Communicating can be very difficult when you are preparing to have a difficult conversation with an individual or group of people who you know most likely will have mixed reactions and emotions regarding the subject. Most People find it easier to avoid communicating something that they think is going to be controversial or unpleasant, which results in halting the communication and letting the situation linger. It’s usually embedded in people to avoid confrontation conflict and stressful situations.
“Learning how to have difficult conversations at work or in personal relationship’s boosts one’s confidence, increases one’s self-awareness, and gives one the sense of being in control of one’s own life. What stops us from having that difficult conversation we should have?”
Fear is usually what stops a person from confronting a difficult situation. Fear can arise when facing a difficult conversation because you may be afraid that you will hurt someone’s feelings, fear losing people you love, or fear of incurring in those we love or want to impress, “we fear the consequences of engaging in a difficult conversation”.
Some tips on preparing for a difficult conversation:
- Don’t delay the conversation any longer and provide reasons for why it needs to happen: Delaying conversations just makes the situation more dramatic and can even lead to failing to ever resolve the conflict. Being honest and confronting the person/ group and giving them a reason to see why you would like to discuss the issue, this will optimistically lead to a respectful conversation between both parties.
- Stay connected when communicating and encourage Questions: Each of us communicates in different ways; staying open-minded when communicating with the person or group and encouraging questions by the other person, may help the flow of communication and help to get a better understanding of how the individual or group feels about the subject at hand. It will encourage them to share their perspective. Do not focus the whole conversation on yourself; you should be interested in the other person’s opinions too. It is healthy to express your feelings but this is about you conversing back and forth, not one way.
- Resist making fast assumptions; Think before speaking right away: Listen to the other person and assess the situation fairly. Many people have a hard time seeing things from the other person’s point of view. Before making assumptions about the situation, listen to the individual/group and then arrive at a conclusion because it could be that the situations that lead to the conversation was just a misunderstanding. Hopefully this will result in figuring out a solution to the situation/conversation or coming to a mutual agreement about what the future holds after the discussion.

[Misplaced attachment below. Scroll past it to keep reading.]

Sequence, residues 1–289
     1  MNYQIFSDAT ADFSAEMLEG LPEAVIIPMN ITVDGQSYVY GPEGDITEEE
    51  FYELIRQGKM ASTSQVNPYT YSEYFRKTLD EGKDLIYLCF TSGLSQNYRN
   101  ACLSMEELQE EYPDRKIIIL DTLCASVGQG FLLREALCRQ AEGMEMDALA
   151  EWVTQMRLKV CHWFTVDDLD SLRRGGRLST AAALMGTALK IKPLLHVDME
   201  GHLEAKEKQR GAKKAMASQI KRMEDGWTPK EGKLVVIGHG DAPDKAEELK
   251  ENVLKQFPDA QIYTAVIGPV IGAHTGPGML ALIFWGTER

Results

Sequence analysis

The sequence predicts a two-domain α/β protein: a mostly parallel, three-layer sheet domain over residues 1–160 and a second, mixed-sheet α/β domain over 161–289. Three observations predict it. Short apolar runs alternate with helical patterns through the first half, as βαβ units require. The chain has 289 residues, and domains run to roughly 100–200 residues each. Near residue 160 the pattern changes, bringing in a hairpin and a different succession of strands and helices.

- Don’t Rehearse: Be genuine; if you are not you should not expect a sincere response. If you want to confront a situation that is bothering you, explain exactly how you feel honestly without sounding like your reading off a projector screen. Correct communication is the key to opening up new ways of approaching tough topics.
If you are struggling with communication issues, problems confronting a difficult situation that may concern you or anxiety, feel free to contact our Bergen County, New Jersey or Manhattan offices of psychologists, psychiatrists, and psychotherapists for an evaluation.
Bergen Marriage counseling is a private mental health and chemical dependency practice which has been serving the metropolitan New York area, including Manhattan and Bergen County, New Jersey, for over 25 years. Our Health care professionals include licensed psychiatrists, psychologists, psychiatric nurse practitioners, clinical social workers, and counselors with expertise in marriage, family, adults, teens, children, hypnosis and substance abuse. We are dedicated to providing quality, goal oriented care tailored to your individual needs by matching the treatment to the patient, not the patient to the treatment. Bergen Marriage Counseling provides warm, highly qualified psychotherapists will ensure that you receive individuated care in a comfortable, confidential setting. We aim to foster healthy, satisfying relationships, communication, self-esteem, and problem-solving skills that will enhance an individual’s quality of life.
Bergen Marriage Counseling has private offices located in Manhattan, NY, Paramus, NJ and Englewood, NJ. We provide our patients with convenient daytime, evening, and weekend hours.